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Council Seeks Acquisition of Cedar Mt. Land

September 29, 2017
NEWINGTON - The Connecticut Department of Energy and Environmental Protection (DEEP) recommended three years ago that Office of Policy Management (OPM) pass off undevelopable portions of Newington’s Cedar Mountain to the town, and now the Town Council is asking their legislative delegation to push for some follow through.

       The issue was raised by Councilor Gail Budrejko, who was involved with a grassroots group of residents dedicated to halting prospective development on Cedar Mountain a few years ago. Under a DEEP’s recommendation, the land-two treks along the Mountain’s western slope-would be passed along to the Town at no cost.

       “It’s been three years, and it hasn’t happened yet,” Budrejko said. “This would help us protect it in its natural state, and the wildlife there. It would also preserve the aesthetic beauty, which also provides a natural buffer from the Berlin Turnpike.”

       Budrejko presented the Council with a letter she had written requesting assistance from the legislative delegation, asking that they sign on with her, to which members of both parties agreed.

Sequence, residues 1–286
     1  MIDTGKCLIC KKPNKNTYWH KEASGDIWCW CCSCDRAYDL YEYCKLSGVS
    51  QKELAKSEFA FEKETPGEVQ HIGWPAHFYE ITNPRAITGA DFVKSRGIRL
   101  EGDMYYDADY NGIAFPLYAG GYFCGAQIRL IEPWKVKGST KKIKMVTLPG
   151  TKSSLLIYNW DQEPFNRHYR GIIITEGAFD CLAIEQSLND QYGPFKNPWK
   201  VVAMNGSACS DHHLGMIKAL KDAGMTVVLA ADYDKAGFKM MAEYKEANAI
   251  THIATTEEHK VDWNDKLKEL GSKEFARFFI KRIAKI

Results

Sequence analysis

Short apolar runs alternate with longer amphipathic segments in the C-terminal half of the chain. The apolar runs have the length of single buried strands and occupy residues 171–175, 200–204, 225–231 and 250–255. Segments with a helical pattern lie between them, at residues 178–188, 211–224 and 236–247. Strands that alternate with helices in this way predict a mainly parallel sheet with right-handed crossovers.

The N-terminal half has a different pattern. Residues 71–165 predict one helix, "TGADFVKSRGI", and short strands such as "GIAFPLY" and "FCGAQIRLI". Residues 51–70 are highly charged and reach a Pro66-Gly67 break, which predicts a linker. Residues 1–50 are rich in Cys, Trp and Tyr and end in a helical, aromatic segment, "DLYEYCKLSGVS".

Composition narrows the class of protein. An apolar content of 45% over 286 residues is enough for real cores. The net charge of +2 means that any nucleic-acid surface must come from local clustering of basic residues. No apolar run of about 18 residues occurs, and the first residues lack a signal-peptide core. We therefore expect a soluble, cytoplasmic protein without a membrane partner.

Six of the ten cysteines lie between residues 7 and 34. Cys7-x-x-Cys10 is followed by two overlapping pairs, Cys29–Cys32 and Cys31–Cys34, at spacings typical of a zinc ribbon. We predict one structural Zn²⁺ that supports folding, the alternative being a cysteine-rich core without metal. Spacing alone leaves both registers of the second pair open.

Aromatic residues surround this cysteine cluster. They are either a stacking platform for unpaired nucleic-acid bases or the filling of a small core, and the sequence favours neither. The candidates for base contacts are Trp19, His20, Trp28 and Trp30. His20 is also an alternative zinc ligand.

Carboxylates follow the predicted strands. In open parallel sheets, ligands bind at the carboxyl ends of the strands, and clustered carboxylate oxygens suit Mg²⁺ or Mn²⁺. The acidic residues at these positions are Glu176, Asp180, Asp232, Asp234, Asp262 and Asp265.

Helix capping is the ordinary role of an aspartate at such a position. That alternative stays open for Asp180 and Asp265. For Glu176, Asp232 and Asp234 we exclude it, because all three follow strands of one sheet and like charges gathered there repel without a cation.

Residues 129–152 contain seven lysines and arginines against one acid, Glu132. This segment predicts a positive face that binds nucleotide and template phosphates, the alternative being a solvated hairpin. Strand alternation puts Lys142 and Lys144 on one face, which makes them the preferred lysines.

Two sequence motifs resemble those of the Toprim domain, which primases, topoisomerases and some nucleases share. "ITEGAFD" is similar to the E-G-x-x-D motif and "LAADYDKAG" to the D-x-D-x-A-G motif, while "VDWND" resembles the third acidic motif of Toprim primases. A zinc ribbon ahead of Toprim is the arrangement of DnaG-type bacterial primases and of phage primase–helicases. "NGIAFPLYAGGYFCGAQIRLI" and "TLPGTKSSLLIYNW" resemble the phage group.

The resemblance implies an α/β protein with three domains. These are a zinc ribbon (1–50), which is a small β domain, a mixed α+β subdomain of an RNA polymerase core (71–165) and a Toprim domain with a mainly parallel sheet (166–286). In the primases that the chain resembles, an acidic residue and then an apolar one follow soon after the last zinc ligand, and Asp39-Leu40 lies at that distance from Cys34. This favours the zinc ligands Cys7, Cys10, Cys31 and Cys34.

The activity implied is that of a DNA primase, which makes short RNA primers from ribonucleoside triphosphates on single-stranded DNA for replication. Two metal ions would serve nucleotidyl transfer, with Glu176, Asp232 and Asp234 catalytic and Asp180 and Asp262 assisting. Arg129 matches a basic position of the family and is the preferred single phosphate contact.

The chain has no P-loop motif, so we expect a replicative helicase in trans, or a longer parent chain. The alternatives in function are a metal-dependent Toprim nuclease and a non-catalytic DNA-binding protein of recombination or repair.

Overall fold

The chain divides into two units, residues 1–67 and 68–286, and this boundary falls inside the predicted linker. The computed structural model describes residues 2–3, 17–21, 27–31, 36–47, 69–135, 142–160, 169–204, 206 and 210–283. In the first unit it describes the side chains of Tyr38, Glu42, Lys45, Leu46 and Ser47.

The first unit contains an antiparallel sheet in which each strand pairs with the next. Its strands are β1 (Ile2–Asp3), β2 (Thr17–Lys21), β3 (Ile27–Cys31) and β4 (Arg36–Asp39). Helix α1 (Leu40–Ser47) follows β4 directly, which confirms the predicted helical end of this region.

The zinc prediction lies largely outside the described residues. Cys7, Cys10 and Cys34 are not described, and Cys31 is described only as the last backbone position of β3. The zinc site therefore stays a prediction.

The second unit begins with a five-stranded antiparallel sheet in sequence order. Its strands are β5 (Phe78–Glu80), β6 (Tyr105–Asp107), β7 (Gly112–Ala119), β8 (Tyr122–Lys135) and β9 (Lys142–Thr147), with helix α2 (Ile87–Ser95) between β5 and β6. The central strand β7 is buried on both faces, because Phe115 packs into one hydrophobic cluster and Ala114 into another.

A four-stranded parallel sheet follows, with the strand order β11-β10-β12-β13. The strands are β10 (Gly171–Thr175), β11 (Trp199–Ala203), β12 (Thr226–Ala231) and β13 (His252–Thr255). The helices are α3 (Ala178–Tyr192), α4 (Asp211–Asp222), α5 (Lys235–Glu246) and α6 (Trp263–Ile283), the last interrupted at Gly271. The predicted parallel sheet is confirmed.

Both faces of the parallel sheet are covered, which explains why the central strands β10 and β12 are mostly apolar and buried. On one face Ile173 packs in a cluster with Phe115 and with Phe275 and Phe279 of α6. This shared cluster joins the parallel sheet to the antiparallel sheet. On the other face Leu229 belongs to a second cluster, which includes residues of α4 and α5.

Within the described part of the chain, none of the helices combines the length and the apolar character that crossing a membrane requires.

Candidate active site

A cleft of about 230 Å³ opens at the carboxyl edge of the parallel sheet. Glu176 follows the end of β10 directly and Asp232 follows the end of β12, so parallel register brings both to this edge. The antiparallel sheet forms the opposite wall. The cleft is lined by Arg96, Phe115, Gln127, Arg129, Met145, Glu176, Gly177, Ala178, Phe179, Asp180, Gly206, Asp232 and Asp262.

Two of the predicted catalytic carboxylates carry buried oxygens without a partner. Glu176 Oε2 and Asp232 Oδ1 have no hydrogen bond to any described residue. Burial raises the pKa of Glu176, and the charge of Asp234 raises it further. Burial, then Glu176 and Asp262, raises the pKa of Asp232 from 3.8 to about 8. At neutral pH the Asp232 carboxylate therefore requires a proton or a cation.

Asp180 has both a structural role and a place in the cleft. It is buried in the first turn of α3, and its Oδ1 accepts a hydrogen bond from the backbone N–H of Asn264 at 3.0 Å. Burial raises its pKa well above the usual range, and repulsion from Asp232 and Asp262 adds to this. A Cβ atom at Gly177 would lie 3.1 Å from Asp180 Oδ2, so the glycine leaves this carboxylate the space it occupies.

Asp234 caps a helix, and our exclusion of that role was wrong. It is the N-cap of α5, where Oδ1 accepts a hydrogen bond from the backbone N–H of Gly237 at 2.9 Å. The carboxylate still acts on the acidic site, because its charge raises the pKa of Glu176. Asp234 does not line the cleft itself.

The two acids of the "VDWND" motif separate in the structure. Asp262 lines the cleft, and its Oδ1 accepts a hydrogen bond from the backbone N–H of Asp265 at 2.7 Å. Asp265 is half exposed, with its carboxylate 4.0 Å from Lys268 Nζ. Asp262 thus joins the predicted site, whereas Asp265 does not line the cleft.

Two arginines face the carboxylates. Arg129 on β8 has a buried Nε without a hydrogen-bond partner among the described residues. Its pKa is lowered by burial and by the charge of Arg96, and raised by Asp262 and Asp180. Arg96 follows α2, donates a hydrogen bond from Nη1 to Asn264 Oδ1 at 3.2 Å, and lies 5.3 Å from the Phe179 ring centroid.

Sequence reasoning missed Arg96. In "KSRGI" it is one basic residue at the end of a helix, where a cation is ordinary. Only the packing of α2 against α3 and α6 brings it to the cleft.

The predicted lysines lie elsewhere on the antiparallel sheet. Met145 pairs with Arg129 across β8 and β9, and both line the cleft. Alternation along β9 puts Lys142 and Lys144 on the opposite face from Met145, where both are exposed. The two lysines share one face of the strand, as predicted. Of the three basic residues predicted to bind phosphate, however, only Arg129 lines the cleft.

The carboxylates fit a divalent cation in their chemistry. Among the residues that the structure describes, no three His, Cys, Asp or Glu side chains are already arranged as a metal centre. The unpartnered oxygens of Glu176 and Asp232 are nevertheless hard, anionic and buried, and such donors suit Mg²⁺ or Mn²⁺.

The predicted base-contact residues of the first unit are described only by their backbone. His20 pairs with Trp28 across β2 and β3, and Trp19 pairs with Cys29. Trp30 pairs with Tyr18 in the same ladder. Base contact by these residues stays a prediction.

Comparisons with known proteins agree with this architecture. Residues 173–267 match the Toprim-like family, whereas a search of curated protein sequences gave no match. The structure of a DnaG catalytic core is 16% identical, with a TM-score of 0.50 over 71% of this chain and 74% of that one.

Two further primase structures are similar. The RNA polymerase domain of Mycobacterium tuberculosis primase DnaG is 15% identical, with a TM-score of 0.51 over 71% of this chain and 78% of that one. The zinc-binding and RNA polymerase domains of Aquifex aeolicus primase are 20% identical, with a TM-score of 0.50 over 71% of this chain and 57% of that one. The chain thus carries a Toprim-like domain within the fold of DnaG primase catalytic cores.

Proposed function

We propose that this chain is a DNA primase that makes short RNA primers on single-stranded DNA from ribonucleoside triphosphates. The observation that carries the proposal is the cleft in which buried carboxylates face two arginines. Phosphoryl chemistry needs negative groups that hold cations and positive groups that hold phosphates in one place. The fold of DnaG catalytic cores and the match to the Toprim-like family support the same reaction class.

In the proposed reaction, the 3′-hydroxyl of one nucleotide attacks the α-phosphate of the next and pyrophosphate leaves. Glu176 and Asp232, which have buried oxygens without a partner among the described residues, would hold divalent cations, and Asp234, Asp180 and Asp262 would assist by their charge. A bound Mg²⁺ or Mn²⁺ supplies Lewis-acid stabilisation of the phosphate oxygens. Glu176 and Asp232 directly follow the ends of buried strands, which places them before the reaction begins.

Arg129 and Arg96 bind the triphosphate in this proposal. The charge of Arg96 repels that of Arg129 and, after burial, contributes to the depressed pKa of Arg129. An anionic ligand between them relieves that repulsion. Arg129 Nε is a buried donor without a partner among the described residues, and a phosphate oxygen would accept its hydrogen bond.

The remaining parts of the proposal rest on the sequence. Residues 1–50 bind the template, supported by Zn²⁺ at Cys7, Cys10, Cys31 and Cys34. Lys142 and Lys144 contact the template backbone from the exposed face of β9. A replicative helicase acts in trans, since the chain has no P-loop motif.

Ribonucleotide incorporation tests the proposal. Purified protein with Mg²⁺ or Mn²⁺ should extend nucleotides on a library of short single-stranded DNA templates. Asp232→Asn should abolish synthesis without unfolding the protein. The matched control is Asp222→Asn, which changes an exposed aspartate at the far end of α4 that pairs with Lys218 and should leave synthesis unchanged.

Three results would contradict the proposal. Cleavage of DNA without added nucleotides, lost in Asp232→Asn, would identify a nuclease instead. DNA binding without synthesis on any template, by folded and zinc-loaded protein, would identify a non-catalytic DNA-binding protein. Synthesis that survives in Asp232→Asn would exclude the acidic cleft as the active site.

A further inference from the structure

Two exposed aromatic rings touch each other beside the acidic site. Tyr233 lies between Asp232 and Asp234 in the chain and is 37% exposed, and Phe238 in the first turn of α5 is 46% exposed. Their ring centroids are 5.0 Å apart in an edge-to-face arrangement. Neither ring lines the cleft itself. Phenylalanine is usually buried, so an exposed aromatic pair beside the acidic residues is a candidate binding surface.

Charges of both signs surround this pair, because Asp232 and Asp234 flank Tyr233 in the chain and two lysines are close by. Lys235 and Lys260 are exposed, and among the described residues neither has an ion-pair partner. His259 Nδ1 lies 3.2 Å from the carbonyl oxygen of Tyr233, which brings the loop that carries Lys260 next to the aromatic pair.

“I drafted a letter, but then I said, ‘who am I?’” she said.

       Budrejko said that she has had conversations with Town Planner Craig Minor, who in turn contacted personnel from DEEP and OPM. She said that while the indication was that OPM still plans to follow through with DEEP’s recommendation, but that she would like to see the process expedited.

       “I think if each of the councilors would sign it, it would have more bearing,” said Councilor Carol Anest. “We really need to take a stand to get this property into our land trust.”

       The Cedar Mountain saga began with a proposed Russell Road development plan for back in 2008, and preceded the town adding the area as a major priority for open space preservation under its 2020 Plan for Development and Conservation.

       With the help of a Senator Doyle and then-State Representative Sandy Nafis secured grant, the Town was able to purchase the Marcap property portion of the Mountain.

       “There hasn’t been an opportunity to purchase other property or preserve more of the mountain [since],” Budrejko said.

       The portions being looked at now were identified as surplus land back in 2012-2013, with DEEP making its recommendation in 2014-due to the fact that it was deemed to have “no economic value”, she said.

       “I think it’s a great idea,” said Councilor Tim Manke. “I will sign anything you put before me that will transfer this surplus property to the town. It’s an important thing, we’ve worked on getting this far and we should move forward.”

       Correction: The print version of this article incorrectly name Council Minority Leader Carol Anest as a former State Representative, instead of Sandy Nafis. We apologize for the error.